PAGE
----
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Capitals make it 9 in a row with 4-1 win over Florida

by John Kreiser

The Florida Panthers are the latest team to try -- and fail -- to slow down the Washington Capitals and their high-powered attack.

The Eastern Conference leaders made it nine wins in a row as Mike Knuble scored twice and Nicklas Backstrom had a goal and two assists in a 4-1 win over the Panthers on Friday night.

The winning streak is the second-longest in franchise history, just short of the 10 straight won by the 1983-84 team. Washington has won 12 times in January to tie the team record for a month, set in December 1984. They can break that mark by beating TampaBay at on Sunday at the Verizon Center, where they are now an NHL-best 20-3-3.

The Capitals, the NHL's top offensive team, have outscored their opponents 44-19 during their nine-game streak. They beat the Panthers despite a quiet night from their big guns: Alex Ovechkin contributed an assist, and Alexander Semin extended his points streak to eight games but had just one assist as the Caps improved to 5-0 against Florida this season.

"They have such gifted goal scorers that it doesn't take them much time to get a shot off and score," Florida forward Cory Stillman said.

It wasn't that Florida didn't have chances -- the Panthers took 36 shots and forced rookie goaltender Michal Neuvirth to make a number of fine stops among his 35 saves.

"I thought we were lucky," Caps coach Bruce Boudreau said. "We gave up way too many chances. Neuvirth was outstanding, and sometimes when you get good goaltending, you overlook the mistakes."

Knuble agreed that this was far from his team's best effort.

"I don't think we came out and played particularly well," he said. "Still, we managed to get to the third (period), and we're playing with so much confidence, we know that if it's close in the third, we kind of rally around it and get things going."

But against a team as hot as the Capitals, you can't make any mistakes -- and Panthers coach Peter DeBoer said his team paid for the ones it made.

"Some of the decisions we made with the puck weren't very good," DeBoer said. "Against a team like that, unless you bring your A-plus game, they're going to make you look bad. And that's what happened."

Washington led just 2-1 after two periods. But defenseman Jeff Schultz made it 3-1 at 4:46 of the third by slamming a slap shot past screened goalie Tomas Vokoun. Knuble provided a three-goal cushion at 7:25.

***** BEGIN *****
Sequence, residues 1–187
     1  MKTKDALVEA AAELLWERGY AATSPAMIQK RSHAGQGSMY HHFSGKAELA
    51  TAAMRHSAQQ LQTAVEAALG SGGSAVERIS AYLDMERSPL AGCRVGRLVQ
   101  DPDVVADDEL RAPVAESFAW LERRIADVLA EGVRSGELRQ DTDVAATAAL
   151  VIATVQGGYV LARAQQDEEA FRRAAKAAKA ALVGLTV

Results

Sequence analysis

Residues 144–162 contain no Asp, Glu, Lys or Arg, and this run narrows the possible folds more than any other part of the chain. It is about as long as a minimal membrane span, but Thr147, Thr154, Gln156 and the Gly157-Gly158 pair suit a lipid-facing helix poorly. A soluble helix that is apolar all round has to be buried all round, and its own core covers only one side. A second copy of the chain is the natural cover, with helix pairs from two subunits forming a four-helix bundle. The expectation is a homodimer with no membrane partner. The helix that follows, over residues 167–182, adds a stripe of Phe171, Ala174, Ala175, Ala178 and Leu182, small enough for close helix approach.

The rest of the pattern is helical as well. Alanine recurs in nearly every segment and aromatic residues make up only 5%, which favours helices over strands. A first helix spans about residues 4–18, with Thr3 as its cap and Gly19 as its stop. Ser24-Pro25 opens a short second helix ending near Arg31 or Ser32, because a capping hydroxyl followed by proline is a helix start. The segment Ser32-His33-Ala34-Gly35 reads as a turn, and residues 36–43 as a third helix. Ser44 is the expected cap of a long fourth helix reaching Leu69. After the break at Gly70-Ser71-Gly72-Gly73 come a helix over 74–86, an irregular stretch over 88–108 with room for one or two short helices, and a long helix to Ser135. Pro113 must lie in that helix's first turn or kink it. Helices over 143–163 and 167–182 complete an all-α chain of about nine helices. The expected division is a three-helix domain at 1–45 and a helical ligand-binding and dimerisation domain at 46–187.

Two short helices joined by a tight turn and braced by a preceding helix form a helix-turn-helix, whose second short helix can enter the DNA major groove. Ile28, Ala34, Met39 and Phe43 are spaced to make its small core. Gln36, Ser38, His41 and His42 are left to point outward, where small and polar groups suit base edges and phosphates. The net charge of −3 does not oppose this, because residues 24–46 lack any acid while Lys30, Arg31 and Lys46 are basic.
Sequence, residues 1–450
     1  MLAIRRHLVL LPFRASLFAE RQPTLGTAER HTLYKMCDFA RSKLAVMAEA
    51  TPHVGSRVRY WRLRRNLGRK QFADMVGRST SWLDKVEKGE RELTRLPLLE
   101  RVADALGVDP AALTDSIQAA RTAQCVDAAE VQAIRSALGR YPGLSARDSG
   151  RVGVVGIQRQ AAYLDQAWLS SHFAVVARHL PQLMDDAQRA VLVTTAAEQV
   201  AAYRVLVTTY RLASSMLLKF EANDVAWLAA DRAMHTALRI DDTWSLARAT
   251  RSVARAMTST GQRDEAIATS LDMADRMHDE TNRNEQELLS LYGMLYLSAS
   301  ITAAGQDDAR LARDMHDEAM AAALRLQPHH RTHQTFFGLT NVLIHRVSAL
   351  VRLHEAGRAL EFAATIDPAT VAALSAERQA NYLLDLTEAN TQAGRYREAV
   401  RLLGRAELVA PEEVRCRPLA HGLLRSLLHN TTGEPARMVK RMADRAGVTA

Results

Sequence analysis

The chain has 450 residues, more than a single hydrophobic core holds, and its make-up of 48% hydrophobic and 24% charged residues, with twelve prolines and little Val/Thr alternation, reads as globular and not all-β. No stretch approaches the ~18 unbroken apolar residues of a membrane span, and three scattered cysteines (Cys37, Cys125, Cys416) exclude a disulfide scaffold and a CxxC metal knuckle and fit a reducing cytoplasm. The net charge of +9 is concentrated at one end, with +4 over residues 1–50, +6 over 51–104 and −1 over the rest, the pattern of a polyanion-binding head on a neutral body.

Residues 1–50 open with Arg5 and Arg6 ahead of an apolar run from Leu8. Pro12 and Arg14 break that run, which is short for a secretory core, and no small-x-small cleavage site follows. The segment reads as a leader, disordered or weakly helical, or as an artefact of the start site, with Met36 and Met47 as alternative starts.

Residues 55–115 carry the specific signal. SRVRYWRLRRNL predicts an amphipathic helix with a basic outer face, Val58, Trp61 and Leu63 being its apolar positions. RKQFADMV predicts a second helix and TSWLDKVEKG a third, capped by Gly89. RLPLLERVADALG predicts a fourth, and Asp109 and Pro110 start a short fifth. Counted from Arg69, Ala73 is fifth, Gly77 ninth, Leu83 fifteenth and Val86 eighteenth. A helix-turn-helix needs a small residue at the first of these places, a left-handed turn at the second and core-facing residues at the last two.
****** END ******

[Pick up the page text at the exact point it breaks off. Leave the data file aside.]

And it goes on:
"We got the third and then the fourth pretty quickly," Boudreau said. "That sort of stems the tide and makes it a lot easier to play.

Washington needed just 7:26 to get its offense rolling. With Florida's Bryan McCabe in the penalty box, Backstrom got his 22nd goal by stuffing a rebound past Vokoun for a 1-0 lead.

Florida tied it at 4:22 of the second period when Steven Weiss scored his team-high 20th goal of the season off a pass from Stillman. But Washington went ahead to stay just 25 seconds later when Ovechkin took a shot that tipped off the skate of Knuble, who was credited with the goal when the puck slid under Vokoun's pads.

"They're good at that," Florida's Cory Stillman said. "They rebound quickly. If you score, they're going to come right back. Unfortunately, they did it in 25 seconds -- and that's the game-winner tonight."

Knuble, who has settled in on a line with Ovechkin and Backstrom, now has 11 goals in his last 12 games.

"Alex is the best player in the world and Nick's climbing the ladder. I've just been able to find a way to play with these guys and complement them," said Knuble, who also had an assist. "We're clicking."

The win may have come with a price -- Washington lost standout defenseman Mike Green to an apparent left knee injury late in the second period. Green had to be helped off the ice after colliding with Dmitry Kulikov while pursuing of a loose puck.

"I assume he'll be playing Sunday," Boudreau said. "He came back out and felt fine, but we didn't want to take any chances. It was more of a charley horse than anything else.

Material from team media and wire services was used in this report

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